Time was when an outing for Britten’s powerful pacifist War Requiem would be a rare and special event – hardly surprising, with the gargantuan forces it demands. Now, however, the piece seems to have something of a regular Remembrance slot in the musical year. Rare it may no longer be, but there was no doubting that Thomas Søndergård’s War Requiem with the RSNO was special, above all in its moving balance between vivid, powerful playing and an eloquent delivery of the work’s texts from the Latin Requiem mass and the First World War poetry of Wilfred Owen.
Søndergård drove the main orchestra hard, with brisk tempos and switchbacks though superbly controlled swerves in mood, even if there could perhaps have been a bit more snarl to the piece’s angrier music. His 12-piece chamber orchestra – drawn mainly from RSNO principals – was on another level entirely, supplying bitingly dramatic backdrops for Owen’s verse from the two male singers.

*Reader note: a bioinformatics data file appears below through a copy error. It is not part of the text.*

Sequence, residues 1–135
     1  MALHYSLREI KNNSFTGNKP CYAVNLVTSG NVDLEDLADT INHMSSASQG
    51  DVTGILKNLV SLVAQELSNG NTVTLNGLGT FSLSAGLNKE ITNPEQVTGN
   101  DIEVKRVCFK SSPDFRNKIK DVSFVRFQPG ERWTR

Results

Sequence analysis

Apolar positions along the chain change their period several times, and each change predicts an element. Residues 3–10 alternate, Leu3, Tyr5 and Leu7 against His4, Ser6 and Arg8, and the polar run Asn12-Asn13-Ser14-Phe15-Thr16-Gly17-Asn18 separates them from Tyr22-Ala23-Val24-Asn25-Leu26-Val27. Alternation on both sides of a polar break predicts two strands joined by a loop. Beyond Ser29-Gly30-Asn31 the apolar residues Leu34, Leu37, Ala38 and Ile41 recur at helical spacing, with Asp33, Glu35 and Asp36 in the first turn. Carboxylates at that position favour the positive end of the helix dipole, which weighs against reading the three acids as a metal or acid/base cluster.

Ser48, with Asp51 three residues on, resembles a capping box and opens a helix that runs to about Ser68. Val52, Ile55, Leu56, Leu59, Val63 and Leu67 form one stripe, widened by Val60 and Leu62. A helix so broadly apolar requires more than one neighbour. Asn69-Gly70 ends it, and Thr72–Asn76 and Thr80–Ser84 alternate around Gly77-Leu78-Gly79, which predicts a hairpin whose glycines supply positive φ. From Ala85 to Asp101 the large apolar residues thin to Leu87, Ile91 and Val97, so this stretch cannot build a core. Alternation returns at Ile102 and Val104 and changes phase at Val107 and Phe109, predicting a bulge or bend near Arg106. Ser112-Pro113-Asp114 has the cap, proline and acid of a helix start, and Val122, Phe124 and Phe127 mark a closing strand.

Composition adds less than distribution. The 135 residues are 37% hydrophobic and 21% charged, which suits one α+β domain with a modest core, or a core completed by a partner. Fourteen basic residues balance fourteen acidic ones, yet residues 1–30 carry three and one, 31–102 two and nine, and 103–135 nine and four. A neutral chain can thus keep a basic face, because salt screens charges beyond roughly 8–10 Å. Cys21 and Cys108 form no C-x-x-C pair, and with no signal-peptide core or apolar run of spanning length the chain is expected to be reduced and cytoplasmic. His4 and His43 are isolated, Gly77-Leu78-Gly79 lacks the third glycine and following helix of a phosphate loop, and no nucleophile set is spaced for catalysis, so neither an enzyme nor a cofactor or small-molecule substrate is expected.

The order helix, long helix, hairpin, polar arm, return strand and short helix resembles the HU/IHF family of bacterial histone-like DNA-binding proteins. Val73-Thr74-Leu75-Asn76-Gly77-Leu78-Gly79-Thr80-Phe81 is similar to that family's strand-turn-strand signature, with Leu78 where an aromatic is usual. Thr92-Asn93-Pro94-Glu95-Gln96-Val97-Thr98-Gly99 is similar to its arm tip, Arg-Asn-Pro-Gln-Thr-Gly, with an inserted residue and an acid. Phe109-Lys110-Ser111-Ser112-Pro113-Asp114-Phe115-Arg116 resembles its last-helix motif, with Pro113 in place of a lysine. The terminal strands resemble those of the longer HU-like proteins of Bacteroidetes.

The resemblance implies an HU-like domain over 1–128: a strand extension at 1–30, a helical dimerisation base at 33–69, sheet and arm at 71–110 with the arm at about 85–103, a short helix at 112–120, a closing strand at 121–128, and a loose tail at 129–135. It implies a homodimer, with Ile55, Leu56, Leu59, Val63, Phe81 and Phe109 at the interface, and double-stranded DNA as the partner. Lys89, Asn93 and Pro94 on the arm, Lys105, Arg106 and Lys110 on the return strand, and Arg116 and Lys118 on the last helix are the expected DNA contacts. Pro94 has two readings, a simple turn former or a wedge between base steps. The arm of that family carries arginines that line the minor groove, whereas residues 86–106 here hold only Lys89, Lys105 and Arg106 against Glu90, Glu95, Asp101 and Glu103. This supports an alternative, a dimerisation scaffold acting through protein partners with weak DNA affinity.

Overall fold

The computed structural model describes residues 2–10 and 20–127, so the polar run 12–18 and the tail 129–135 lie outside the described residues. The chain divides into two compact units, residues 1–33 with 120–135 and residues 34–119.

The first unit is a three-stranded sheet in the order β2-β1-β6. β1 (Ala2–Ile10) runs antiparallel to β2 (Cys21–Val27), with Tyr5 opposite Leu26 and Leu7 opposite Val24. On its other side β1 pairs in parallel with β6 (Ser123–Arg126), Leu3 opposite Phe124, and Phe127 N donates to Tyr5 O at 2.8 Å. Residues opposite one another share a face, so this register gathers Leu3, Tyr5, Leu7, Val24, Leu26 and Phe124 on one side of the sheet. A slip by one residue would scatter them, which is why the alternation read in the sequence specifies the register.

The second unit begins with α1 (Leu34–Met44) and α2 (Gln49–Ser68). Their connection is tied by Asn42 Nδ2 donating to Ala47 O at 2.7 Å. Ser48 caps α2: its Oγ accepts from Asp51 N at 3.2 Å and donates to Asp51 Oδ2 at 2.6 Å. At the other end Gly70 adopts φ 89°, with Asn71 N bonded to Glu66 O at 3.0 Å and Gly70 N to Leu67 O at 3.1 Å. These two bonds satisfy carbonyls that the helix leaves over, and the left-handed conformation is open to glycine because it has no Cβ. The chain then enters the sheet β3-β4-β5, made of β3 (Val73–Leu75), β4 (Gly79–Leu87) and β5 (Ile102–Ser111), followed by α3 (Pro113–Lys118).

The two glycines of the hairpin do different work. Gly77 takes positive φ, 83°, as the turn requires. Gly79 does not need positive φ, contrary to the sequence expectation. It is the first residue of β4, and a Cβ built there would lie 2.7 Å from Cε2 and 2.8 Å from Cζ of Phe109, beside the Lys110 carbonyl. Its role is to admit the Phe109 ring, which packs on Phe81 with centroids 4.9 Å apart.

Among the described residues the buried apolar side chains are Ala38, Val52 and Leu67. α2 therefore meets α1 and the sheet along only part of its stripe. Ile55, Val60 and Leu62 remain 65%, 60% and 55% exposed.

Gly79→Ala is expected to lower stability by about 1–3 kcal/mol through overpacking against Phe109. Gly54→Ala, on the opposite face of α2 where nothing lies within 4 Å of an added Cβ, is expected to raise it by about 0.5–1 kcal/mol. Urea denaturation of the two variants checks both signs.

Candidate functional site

Tenor Stuart Jackson wasn’t feeling his best, we’d been warned, and though his delivery was understandably on the quiet side, it was crystal clear and delivered with bracing conviction, especially moving in the tearful closing "Strange Meeting”. His baritone counterpart Benjamin Appl had a gorgeously golden tone but one that varied little from poem to poem, though soprano Susanne Bernhard delivered Britten’s declamatory lines thrillingly from within the orchestra. The RSNO Chorus didn’t always seem entirely at ease in Britten’s gnarly choral writing and were sometimes disappointingly hushed as a result.
But the RSNO Youth Chorus – singing offstage from the corridor behind the dress circle, joined by chamber organist Mark Hindley – provided a wonderfully otherworldly, distant commentary on the bloody carnage being described on stage, with a winning mix of richness and purity. A memorable and – yes – special performance.